Thirteen UNSW rapid research projects to tackle COVID-19

22 Apr 2020
Two smiling researchers in a laboratory

Thirteen research projects will receive support under UNSW’s recently established Rapid Response Research Fund to help tackle the impact of COVID-19.

The Rapid Response Research Fund was established as a pivotal part of UNSW’s contribution to addressing the current global pandemic and biosecurity emergency. It draws on a wealth of expertise across UNSW to confront the biomedical, societal and economic consequences of COVID-19.

Despite our constrained finances, UNSW’s COVID-19 Rapid Response Research Fund has been prioritised in the national interest and is the subject of a major fundraising effort through the Division of Philanthropy. Thirteen research projects have been chosen for initial support from a competitive field of 167 submissions, and with donor generosity, further projects may be resourced from the Fund in the future.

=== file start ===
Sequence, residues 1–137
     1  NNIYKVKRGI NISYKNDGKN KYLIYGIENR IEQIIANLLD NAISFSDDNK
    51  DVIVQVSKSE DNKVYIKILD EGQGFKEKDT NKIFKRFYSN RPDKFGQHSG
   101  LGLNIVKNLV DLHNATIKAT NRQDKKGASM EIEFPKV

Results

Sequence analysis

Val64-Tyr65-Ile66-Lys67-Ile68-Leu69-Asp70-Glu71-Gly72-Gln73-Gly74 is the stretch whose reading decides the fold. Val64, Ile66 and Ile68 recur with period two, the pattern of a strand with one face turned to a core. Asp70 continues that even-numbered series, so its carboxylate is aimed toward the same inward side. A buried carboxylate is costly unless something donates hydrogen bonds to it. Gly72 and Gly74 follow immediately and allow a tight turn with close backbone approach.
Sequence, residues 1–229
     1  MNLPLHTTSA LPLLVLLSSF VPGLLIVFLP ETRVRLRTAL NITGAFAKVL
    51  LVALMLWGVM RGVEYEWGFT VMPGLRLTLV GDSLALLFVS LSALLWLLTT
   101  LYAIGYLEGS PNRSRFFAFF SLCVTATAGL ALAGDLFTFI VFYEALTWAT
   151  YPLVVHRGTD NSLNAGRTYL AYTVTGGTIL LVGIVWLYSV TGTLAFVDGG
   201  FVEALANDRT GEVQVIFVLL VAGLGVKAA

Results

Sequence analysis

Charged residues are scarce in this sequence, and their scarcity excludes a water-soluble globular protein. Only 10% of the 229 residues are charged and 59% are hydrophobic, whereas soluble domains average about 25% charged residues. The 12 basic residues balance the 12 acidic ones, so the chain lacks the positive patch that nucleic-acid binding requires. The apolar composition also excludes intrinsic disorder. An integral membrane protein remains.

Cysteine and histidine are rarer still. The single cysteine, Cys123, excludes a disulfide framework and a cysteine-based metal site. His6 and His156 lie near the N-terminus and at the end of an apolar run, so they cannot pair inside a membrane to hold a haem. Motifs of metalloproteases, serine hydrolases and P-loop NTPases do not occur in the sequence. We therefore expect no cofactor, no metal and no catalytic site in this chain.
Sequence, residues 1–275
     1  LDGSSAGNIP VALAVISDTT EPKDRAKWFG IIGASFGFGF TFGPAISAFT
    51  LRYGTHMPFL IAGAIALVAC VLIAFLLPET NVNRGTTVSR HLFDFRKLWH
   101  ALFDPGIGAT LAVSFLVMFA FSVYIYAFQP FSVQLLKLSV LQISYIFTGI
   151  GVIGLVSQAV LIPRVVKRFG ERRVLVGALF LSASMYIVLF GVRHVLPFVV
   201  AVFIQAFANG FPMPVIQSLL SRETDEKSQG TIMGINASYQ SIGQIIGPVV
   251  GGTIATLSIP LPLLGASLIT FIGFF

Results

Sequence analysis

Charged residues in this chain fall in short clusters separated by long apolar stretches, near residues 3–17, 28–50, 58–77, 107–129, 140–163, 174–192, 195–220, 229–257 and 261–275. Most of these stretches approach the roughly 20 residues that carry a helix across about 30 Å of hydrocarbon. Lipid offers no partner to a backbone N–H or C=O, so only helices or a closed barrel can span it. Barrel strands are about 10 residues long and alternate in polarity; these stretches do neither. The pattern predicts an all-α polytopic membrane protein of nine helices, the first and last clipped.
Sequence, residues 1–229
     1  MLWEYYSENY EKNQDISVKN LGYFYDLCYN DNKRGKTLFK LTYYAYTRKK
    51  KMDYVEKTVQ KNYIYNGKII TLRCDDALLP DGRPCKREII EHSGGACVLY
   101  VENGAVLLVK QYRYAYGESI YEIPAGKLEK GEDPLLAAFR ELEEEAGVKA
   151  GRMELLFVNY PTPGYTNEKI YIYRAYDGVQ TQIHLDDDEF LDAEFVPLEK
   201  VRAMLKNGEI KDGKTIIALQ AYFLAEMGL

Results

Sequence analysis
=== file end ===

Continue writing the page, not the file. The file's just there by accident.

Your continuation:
The selected projects range in scope from developing clinical immunotherapies, point of care testing, and viral mutation tracking through to addressing the social and mental health aspects of COVID-19.

A full breakdown is listed here.

Deputy Vice-Chancellor Research, Professor Nicholas Fisk said: 

“The calibre and depth of proposals was hugely impressive, even more so given research teams only had a ten-day window for submissions. It was pleasing to see so many novel multidisciplinary proposals, with the 13 selected representing a broad cross-section of UNSW expertise and our best shot at making an impact on the global COVID-19 effort.”

A panel of three senior research leaders reviewed the applications against set criteria to identify high quality rigorous projects of national or global significance, that could commence shortly and with existing staff.  While many were creative and worthy of funding, only 13 could be prioritised in this first round.

“The large number of applications has certainly focused the UNSW community’s mind on COVID-19 research, and will assist future philanthropic efforts, internal expertise mapping, and maximising external grant opportunities”, said Prof. Fisk.